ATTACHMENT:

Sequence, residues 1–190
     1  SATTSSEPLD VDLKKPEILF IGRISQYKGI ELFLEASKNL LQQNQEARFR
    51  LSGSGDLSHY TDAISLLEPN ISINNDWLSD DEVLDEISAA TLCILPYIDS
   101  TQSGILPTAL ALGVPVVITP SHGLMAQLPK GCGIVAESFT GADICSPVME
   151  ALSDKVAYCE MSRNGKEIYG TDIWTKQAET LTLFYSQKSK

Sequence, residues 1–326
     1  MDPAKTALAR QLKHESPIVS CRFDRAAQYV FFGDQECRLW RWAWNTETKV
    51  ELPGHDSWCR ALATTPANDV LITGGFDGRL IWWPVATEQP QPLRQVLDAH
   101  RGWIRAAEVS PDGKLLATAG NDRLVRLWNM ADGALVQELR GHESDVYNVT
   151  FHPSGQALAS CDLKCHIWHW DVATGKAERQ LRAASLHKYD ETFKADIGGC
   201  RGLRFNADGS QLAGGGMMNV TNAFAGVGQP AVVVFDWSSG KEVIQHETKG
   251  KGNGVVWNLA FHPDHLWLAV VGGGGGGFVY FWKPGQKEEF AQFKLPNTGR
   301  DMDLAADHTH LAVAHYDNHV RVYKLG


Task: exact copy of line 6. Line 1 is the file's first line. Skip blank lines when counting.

Sequence, residues 1–326